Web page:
Shock at quoll’s death by plastic
A DISTRESSING picture of a dead eastern quoll with its head stuck in a cream bottle on a Bruny Island beach has prompted fresh calls for people to pick up their rubbish and cut out plastic.
Maxine Hindell, of North Bruny, took the photo on Saturday morning while walking her dogs at Apollo Bay.
“It was very distressing to see and horrible to think about how the poor creature died,” she said. “It was just a needless, terrible consequence of some person’s thoughtless act.”
Bonorong Wildlife Sanctuary director Greg Irons said the likely causes of death were suffocation, starvation and dehydration, or drowning, given the proximity to the water.
“So much effort goes into saving just one life, so when you lose an endangered species so needlessly through something so avoidable it’s a massive slap in the face,” Mr Irons said.
“A piece of rubbish can kill an animal, whether you put it there or not. Hopefully lots of people look at that photo and feel moved to pick up someone else’s rubbish off the ground or think twice before they recklessly discard of plastic.”
Mr Irons said the eastern quoll was found only in Tas- mania and was classified as endangered, but there was a program to reintroduce the species to mainland Australia.
“We need to do everything we can to keep their numbers high,” he said.
“They’re a carnivorous marsupial and they’re really important in the ecosystem. We’ve already lost the Tassie tiger and we need to learn from that and recognise we cannot afford to lose any more carnivores.”
The eastern quoll, which is the size of a small domestic cat and is coloured fawn, brown or black, is found in a variety of habitats including rainforest, heathland, alpine areas and scrub.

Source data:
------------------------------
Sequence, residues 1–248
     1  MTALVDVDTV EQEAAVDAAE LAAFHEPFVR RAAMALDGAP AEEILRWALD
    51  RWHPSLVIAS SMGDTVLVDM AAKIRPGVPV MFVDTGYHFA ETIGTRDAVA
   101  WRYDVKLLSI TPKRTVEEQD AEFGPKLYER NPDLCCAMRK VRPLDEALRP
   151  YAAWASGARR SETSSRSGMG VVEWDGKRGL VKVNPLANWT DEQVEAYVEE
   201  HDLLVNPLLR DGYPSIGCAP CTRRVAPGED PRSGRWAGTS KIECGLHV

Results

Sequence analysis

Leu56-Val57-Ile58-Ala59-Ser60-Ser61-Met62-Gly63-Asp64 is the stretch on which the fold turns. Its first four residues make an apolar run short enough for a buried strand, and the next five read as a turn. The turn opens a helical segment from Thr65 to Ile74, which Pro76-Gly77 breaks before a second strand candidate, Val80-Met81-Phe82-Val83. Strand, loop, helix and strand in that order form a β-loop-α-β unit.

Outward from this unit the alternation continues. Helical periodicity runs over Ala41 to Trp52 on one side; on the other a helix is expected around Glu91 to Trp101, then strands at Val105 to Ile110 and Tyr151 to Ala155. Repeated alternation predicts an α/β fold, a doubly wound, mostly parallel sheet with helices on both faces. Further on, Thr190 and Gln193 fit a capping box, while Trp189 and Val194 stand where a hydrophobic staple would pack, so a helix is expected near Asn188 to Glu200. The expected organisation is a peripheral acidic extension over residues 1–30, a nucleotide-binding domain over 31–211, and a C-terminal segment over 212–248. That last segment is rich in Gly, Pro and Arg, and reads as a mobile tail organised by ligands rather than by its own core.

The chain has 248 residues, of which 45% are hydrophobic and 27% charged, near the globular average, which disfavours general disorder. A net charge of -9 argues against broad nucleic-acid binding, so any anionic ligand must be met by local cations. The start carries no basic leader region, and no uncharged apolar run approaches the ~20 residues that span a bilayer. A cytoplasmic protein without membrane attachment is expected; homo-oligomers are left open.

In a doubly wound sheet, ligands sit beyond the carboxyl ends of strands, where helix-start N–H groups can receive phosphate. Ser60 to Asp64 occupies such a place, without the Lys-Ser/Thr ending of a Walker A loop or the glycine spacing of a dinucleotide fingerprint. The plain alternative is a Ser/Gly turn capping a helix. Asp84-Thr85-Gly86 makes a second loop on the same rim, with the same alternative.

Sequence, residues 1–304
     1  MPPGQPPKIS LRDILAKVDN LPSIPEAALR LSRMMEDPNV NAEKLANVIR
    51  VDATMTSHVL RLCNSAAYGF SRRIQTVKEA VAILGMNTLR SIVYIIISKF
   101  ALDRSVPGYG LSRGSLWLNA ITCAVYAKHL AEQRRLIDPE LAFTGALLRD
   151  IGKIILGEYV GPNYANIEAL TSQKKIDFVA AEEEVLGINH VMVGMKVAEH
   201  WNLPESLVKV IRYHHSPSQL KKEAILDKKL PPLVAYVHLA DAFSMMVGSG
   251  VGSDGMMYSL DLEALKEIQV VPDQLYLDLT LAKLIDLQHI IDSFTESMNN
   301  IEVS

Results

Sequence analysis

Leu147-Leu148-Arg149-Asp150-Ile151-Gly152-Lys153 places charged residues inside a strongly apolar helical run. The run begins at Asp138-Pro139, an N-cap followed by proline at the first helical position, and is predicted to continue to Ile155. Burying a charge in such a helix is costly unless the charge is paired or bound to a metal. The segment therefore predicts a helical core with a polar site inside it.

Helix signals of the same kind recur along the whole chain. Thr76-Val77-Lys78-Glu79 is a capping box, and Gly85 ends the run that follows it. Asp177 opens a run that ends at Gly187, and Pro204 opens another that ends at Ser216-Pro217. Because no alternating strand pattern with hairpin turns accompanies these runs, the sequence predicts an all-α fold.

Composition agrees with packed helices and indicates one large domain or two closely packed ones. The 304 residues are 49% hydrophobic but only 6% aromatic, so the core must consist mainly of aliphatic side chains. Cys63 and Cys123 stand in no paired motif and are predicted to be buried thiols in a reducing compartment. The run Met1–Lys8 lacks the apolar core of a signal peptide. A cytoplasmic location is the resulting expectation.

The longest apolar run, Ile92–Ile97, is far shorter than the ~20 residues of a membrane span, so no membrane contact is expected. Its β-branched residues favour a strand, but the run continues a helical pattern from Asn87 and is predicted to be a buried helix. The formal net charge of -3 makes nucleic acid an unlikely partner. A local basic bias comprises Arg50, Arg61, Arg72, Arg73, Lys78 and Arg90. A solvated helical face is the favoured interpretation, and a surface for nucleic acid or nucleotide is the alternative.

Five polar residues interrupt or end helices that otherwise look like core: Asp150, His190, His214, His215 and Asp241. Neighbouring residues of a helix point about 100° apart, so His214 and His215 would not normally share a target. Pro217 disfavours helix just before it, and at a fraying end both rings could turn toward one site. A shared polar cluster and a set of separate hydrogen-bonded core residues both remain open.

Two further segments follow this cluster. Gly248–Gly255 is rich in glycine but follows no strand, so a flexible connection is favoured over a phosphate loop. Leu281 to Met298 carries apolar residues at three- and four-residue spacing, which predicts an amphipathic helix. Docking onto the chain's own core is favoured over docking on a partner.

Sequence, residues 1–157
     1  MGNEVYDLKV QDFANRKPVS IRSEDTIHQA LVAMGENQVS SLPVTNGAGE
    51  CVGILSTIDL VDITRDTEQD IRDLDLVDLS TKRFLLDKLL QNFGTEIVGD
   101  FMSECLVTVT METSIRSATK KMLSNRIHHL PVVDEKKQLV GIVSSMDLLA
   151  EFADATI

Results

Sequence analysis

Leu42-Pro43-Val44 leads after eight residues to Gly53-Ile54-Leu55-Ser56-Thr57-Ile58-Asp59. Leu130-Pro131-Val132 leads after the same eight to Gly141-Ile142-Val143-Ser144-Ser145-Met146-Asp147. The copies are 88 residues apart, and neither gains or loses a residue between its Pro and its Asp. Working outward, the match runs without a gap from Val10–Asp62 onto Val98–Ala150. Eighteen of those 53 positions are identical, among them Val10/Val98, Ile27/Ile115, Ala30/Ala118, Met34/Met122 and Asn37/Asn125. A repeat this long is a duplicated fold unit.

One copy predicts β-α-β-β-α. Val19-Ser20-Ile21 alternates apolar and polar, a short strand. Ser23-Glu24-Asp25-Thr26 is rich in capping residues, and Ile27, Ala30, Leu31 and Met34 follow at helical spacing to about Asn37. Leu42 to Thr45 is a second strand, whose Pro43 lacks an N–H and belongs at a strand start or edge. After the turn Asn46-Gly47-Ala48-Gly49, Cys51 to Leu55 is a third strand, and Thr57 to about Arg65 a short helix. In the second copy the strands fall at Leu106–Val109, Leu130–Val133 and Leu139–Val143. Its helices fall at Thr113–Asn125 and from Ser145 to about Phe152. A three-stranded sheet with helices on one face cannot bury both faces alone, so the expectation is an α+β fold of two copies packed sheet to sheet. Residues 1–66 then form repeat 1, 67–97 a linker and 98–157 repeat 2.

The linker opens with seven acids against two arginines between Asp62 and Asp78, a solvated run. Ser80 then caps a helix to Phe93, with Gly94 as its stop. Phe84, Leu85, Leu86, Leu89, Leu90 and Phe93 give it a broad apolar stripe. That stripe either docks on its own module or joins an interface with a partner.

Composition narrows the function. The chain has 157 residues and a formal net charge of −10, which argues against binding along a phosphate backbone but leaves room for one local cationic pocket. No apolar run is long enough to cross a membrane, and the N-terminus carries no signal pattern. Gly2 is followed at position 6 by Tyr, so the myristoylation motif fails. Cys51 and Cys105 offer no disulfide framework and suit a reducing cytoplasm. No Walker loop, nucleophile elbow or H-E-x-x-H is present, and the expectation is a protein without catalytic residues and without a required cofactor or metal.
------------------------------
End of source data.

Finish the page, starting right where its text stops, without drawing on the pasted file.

Associate Professor Menna Jones, who has worked with quolls and Tasmanian devils for 30 years, said Bruny Island was considered a “hot spot” for eastern quolls because there was a low population of predatory feral cats in the area.
“North Bruny is where we have the largest population anywhere of eastern quolls,” she said.
“They’re really precious and we’ve got to look after them.”
Professor Jones said dying from asphyxiation was a “rare event for the species” but was still “very significant”.
“If you have to buy something in a container, try to make sure it’s glass or cardboard, not plastic,” she said.
“Everyone is responsible for taking care of the planet and wildlife.”
If you find a live animal that requires assistance, please call Bonorong Wildlife Sanctuary on 0447 264 625 or Raptor Refuge on 1800 727 867.
UPSETTING: An eastern quoll found on Bruny Island is believed to have died after becoming stuck in some rubbish.
NEED PROTECTING: Juvenile eastern quolls.